Factor structure of planning and problem-solving: A behavioral genetic analysis of the tower of london task in middle-aged twins

William S. Kremen, Kristen C. Jacobson, Matthew S. Panizzon, Hong Xian, Lindon J. Eaves, Seth A. Eisen, Ming T. Tsuang, Michael J. Lyons

Research output: Contribution to journalArticlepeer-review

23 Scopus citations

Abstract

We examined the genetic architecture of a Tower of London test of planning and problem-solving in 690 middle-aged male twins. Phenotypic analyses revealed only one general factor, but the best-fitting genetic model indicated two correlated genetic factors: speed and efficiency. One variable-number of attempts required to mentally figure the puzzles-loaded on both factors. Shared environmental effects could be dropped with virtually no reduction in model fit. Despite significant nonshared environmental correlations across measures, there was no discernable nonshared environmental factor structure. The correlation between genetic factors (r = 0.46) and the variable loading on both factors could reflect modulation of planning, testing alternatives, and working memory that are required to perform the test. Such coordinated activity is consistent with the notion of a supervisory attentional system, a central executive, or metacognitive ability. The different phenotypic and genetic factor results suggest that relying solely on the former could obscure genetic associations.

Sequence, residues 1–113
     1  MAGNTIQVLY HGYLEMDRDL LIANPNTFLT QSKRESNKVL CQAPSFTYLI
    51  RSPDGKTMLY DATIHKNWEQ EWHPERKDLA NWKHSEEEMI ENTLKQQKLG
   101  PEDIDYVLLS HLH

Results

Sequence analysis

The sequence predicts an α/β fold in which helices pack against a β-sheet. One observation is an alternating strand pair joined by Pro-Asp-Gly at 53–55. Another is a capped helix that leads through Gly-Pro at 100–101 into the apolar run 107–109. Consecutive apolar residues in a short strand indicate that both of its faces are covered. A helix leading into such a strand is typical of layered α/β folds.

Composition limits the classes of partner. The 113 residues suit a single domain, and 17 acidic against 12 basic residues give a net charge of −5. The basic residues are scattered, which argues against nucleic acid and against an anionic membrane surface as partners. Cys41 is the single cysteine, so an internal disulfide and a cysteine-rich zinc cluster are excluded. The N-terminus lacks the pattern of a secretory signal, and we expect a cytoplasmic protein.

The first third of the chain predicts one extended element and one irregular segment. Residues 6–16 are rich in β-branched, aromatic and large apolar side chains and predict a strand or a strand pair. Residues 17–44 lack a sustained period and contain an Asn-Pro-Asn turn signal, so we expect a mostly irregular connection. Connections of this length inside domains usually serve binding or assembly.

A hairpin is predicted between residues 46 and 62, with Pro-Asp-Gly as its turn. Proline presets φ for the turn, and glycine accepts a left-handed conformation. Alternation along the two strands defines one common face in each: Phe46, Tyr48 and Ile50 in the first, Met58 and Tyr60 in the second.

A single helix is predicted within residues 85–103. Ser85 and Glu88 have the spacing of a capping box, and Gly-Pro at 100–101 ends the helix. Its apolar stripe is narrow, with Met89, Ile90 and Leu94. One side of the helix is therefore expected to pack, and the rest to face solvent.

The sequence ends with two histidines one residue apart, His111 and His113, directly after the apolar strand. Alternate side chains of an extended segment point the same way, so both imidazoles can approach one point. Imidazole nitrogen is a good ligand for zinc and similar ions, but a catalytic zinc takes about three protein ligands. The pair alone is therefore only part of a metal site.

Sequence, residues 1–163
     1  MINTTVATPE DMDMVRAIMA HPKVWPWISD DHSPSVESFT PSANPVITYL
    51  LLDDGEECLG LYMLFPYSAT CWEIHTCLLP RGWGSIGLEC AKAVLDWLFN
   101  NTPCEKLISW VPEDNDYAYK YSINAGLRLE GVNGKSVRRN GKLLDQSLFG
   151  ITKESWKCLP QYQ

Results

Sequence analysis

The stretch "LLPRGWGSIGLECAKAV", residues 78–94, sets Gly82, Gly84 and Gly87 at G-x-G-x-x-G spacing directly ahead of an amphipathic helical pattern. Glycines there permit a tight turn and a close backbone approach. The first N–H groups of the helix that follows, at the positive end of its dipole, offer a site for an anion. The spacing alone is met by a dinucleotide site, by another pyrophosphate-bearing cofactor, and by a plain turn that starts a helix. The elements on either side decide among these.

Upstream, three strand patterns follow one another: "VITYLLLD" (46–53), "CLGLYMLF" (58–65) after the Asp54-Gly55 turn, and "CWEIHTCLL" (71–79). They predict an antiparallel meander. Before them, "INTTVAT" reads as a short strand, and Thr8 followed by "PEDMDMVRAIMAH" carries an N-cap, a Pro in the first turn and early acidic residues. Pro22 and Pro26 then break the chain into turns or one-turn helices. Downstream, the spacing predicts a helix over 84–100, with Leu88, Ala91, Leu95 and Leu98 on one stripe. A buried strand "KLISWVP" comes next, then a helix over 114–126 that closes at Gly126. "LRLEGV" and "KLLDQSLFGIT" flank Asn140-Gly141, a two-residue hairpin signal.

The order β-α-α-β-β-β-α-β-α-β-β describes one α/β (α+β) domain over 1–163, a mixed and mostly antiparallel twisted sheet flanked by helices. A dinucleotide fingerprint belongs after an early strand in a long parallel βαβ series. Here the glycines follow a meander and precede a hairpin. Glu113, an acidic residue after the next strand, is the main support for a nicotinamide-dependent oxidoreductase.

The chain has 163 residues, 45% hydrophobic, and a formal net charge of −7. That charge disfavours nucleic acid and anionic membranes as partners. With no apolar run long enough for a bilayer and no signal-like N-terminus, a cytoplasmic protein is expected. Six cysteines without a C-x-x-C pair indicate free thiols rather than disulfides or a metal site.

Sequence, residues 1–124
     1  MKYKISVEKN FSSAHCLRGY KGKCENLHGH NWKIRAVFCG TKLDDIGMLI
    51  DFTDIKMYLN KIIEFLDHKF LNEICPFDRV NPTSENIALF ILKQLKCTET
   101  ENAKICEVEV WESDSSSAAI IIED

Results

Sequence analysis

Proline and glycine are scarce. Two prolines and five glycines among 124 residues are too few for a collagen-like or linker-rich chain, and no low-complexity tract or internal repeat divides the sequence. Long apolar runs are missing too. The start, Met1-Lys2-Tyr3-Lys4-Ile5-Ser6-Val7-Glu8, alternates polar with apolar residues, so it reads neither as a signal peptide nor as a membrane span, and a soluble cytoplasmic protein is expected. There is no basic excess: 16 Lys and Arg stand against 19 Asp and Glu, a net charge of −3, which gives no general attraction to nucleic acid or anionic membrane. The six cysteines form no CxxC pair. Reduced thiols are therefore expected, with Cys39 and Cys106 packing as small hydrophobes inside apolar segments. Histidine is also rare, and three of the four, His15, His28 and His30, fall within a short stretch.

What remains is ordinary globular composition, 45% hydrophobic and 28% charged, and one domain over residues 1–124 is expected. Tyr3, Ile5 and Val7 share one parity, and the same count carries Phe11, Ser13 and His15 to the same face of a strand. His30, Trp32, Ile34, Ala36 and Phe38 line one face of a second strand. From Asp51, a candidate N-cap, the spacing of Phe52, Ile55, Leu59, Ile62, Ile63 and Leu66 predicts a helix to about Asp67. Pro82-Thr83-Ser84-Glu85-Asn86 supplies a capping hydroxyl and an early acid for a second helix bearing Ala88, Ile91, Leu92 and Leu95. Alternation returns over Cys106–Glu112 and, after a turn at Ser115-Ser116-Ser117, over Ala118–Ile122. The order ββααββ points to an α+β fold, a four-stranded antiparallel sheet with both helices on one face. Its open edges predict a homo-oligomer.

Original languageEnglish
Pages (from-to)133-144
Number of pages12
JournalBehavior genetics
Volume39
Issue number2
DOIs
StatePublished - Mar 2009

Keywords

  • Aging
  • Executive function
  • Genetic factors
  • Metacognition
  • Tower of London
  • Working memory

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